All posts by bernie

CCBB Episode 205, Harley Rotbart: Using Coincidences to Live without Regret

A renown Pediatrician offers coincidence awareness as a key to No Regrets Living. Some astounding medical coincidences illustrate this idea.

In this episode, Harley Rothbart discusses phenomenal medical coincidences and relates them to the question of fate. He also addresses the problems with the Law of Very Large Numbers: the favorite explanation for coincidences by statisticians. This “law,” which cannot be proven, asserts that the strange events will inevitably occur in our busy world with its infinite opportunities for overlapping events.

Connecting with Coincidence with Bernard Beitman, MD (CCBB) is now offered as both an audio podcast–anywhere that podcasts are available–and in video format on the Connecting with Coincidence YouTube channel. Please SUBSCRIBE to our channel to be notified when future episodes are posted! Also available, there are 138 archived episodes of the CCBB podcast available, HERE.

Our guest Dr. Harley Rotbart has been a nationally renowned infectious diseases specialist, pediatrician, parenting expert, speaker, and educator for nearly four decades. He is Professor and Vice Chair Emeritus of Pediatrics at the University of Colorado School of Medicine and Children’s Hospital Colorado. He is the author of more than 175 medical and scientific publications, and five previous books for general audiences: Miracles We Have Seen; 940 Saturdays; No Regrets Parenting; Germ Proof Your Kids; and, The On Deck Circle of Life, which was endorsed by baseball Hall of Famer Cal Ripken, Jr. Dr. Rotbart was named to Best Doctors in America for 18 consecutive years, as well as receiving numerous other national and local awards for research, teaching, and clinical work. He serves on the Advisory Boards of Parents Magazine and Parents.com and makes numerous media appearances every year, including two media tours with American Idol finalists to promote influenza prevention and two appearances on the Dr. Oz Show to discuss medical miracles. Dr. Rotbart writes his own blog at www.harleyrotbart.com. “Coach Harley” coached youth baseball and basketball for 16 years, including 8 years at the high school level. Dr. Rotbart and his wife, Sara, live in Denver, Colorado, and are the parents of three big kids and the grandparents of three little kids. Learn more at https://www.harleyrotbart.com.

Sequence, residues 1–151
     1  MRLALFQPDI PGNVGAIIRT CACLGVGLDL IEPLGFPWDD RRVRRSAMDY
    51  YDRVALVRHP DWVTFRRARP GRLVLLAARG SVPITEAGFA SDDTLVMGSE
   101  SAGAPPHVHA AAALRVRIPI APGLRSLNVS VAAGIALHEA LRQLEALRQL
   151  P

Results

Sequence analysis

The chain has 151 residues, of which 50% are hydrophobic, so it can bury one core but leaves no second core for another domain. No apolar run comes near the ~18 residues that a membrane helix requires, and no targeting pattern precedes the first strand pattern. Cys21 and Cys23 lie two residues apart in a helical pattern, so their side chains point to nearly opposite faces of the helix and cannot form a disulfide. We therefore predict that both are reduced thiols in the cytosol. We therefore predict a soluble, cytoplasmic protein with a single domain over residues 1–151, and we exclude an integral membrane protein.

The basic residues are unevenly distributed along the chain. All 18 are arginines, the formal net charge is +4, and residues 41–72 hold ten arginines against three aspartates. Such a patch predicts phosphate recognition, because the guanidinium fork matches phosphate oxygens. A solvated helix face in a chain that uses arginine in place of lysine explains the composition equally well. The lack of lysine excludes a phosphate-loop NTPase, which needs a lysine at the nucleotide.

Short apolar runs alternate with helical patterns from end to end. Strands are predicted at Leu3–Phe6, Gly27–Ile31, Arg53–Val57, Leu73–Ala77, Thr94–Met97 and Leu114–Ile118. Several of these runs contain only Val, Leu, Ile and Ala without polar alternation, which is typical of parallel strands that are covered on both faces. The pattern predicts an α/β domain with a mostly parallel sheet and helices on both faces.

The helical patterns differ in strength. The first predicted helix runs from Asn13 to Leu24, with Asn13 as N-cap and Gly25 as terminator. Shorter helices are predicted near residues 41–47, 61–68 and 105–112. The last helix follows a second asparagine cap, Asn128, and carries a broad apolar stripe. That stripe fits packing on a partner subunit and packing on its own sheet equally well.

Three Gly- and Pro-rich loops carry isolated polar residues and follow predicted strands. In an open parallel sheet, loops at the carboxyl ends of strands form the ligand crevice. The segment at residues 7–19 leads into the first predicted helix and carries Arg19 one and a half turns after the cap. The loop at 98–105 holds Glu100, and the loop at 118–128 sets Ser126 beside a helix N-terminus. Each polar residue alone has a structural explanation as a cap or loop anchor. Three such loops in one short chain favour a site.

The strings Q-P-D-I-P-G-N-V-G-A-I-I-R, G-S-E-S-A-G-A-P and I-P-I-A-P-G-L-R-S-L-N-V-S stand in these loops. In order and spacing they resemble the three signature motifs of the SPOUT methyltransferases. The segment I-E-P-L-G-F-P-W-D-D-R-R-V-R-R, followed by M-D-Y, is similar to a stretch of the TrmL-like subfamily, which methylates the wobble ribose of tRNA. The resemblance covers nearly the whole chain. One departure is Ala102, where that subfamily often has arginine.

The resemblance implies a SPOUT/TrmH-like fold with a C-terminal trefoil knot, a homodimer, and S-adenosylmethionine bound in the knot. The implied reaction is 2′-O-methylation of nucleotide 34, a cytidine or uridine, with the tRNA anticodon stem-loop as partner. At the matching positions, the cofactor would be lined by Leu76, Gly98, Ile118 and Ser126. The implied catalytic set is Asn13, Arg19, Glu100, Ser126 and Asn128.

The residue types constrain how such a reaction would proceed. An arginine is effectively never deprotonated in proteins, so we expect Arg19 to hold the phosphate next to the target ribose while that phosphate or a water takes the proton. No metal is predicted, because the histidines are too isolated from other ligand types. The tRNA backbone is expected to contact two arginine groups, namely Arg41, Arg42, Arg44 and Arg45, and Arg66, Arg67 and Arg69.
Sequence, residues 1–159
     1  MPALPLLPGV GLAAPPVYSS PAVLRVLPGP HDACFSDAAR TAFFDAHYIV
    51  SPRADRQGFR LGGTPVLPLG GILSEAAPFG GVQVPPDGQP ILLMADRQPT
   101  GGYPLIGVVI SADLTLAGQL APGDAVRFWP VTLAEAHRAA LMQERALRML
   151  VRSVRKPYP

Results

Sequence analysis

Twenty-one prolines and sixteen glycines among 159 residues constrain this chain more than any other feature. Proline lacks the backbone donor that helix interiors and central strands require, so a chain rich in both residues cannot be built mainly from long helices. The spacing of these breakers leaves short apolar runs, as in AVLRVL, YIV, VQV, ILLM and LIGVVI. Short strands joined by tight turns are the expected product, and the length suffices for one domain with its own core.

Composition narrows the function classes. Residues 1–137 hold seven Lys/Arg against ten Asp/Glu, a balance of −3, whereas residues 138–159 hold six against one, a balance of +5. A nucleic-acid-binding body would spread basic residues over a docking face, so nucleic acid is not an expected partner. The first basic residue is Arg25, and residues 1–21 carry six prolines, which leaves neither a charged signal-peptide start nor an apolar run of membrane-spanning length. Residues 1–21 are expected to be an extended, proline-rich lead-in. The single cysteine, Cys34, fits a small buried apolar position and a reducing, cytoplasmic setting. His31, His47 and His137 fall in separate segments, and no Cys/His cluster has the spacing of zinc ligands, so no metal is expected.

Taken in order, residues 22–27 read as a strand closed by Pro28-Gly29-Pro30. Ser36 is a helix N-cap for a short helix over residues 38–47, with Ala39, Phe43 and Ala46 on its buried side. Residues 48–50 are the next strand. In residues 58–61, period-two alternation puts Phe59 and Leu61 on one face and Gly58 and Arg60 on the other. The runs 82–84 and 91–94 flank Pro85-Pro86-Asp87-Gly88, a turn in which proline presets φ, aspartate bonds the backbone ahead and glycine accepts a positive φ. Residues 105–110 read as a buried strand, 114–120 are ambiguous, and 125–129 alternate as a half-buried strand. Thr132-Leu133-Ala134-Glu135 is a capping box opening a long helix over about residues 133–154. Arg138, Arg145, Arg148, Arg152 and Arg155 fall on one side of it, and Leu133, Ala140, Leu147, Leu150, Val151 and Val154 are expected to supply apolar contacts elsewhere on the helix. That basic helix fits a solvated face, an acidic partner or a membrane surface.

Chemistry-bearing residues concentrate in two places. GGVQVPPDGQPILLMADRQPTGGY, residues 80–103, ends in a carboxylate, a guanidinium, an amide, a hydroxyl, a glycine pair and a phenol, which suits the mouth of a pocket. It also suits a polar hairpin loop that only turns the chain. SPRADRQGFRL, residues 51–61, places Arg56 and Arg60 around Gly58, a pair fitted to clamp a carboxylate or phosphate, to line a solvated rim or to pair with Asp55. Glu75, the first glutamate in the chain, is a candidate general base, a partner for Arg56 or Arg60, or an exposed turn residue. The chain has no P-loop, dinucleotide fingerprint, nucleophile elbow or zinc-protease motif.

Our host Dr. Bernard Beitman is the first psychiatrist since Carl Jung to attempt to systematize the study of coincidences. He is Founding Director of The Coincidence Project. His book, and his Psychology Today blog, are both titled Connecting with Coincidence. He has developed the first valid and reliable scale to measure coincidence sensitivity, and has written and edited coincidence articles for Psychiatric Annals. He is a visiting professor at the University of Virginia and former chair of the Department of Psychiatry at the University of Missouri-Columbia. He attended Yale Medical School and completed a psychiatric residency at Stanford. Dr. Beitman has received two national awards for his psychotherapy training program and is internationally known for his research into the relationship between chest pain and panic disorder. Learn more at https://coincider.com.